NOx and NAAQs and SIPs, Oh My!
Shift in local air board politics brings state into the fold on localized risks
For anyone who is remotely interested in southern California’s Air Quality, these past couple weeks have been chalk full of major developments that may or may not sit well depending on which side of the smokestack you are on.
Late last year, the SCAQMD Board adopted a less stringent NOx standard for stationary sources within the District. Since then, many have mused that jobs and the economy in southern California can now breathe a sigh of relief; the local economy was finally being considered in future air quality planning efforts.
In February, keeping with the importance of the southern California economy, the newly minted republican majority sitting on the AQMD Board removed a hurdle to their redirected efforts when they unceremoniously sacked long time Executive Director of SCAQMD, Dr. Barry Wallerstein.
Despite criticism, opposition and litigation, the Board has maintained their stance and the removal of Dr. Wallerstein is a blatant indication that things will be different in the South Coast. The firing was immediately met with the threat of expanding the Board with community, health and environmental representatives through state legislation, but, until such a bill comes to pass, we can expect more of the same from those on the Board. For now.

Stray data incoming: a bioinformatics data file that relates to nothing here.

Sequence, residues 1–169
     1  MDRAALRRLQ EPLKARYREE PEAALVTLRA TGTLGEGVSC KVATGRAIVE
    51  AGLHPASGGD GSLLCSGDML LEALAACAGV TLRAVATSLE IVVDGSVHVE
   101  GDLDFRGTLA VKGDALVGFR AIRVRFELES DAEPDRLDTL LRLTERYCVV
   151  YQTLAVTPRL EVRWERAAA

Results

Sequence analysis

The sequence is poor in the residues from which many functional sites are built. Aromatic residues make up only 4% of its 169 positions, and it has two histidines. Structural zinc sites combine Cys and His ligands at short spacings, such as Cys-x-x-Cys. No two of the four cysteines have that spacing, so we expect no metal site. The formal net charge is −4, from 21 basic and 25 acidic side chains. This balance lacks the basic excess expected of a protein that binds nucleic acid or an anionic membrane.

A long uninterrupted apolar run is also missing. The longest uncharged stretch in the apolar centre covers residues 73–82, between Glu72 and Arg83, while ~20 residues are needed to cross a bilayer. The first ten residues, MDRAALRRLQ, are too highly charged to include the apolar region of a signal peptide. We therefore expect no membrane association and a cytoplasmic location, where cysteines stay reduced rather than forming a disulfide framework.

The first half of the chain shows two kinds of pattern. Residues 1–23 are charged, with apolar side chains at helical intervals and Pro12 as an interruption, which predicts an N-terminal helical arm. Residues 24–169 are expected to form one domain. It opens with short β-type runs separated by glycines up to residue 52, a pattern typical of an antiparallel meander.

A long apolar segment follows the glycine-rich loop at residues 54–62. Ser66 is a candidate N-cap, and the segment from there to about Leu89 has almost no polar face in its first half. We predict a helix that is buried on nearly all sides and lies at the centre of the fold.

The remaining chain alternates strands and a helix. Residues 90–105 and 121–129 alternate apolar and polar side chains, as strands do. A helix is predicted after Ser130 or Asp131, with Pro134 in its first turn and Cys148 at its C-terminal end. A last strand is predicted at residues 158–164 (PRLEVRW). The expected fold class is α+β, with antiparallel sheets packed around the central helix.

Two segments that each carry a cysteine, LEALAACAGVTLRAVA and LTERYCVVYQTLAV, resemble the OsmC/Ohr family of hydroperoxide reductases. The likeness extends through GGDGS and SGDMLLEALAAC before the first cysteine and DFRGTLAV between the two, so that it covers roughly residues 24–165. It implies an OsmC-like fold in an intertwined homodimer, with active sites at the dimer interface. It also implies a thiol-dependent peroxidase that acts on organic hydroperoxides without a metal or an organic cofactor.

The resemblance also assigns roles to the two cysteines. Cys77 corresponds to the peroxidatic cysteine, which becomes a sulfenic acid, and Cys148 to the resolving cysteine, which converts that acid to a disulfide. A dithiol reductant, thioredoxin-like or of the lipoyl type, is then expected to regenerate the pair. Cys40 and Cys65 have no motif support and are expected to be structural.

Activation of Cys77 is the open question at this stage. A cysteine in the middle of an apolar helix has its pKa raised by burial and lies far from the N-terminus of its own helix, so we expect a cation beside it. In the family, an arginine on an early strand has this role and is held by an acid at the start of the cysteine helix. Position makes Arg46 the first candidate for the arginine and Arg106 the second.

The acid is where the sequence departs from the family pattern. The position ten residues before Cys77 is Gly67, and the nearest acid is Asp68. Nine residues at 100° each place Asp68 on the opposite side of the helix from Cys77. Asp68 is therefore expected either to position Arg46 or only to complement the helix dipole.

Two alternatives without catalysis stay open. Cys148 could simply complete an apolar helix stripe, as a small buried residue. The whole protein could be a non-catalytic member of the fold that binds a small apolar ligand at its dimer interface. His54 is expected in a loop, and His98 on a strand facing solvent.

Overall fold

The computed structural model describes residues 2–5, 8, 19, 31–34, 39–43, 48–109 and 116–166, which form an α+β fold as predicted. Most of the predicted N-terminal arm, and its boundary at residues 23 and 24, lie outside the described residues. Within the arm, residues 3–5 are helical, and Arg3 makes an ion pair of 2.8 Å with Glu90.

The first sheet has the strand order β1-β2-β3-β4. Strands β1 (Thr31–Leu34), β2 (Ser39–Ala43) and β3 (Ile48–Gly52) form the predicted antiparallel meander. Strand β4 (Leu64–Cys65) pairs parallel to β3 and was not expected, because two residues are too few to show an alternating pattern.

On the flip side of the political shift are legal commitments to maintaining national ambient air quality standards (NAAQS) or at least endeavoring to get there with the utmost haste. Just last week, the EPA described the existing SCAQMD NOx plan for stationary sources as “ineffective” as it is not achieving the needed reductions due to an “artificially low” price for credits in the local cap and trade program. While the EPA has brought the existing plan into question, CARB has publically stated that the recent amendments to the existing plan adopted last year “falls short” of the needed reductions to meet NAAQS.
The SCAQMD responded to EPA by claiming that the recent amendments adopted in December would address the insufficient reductions in the existing plan once when they were submitted as part of the larger Air Quality Management Plan (AQMP) that is due later this summer.
The question does persist, how will the amendments that are described as falling short by CARB, help fix a plan that itself has been deemed by EPA as falling short ?
The state will be hard pressed to approve any plan that doesn't measure up to federal guidelines, especially since CARB is ultimately accountable to the EPA. The mounting drama should all be coming to a head this summer when the South Coast AQMP and the statewide SIP are released.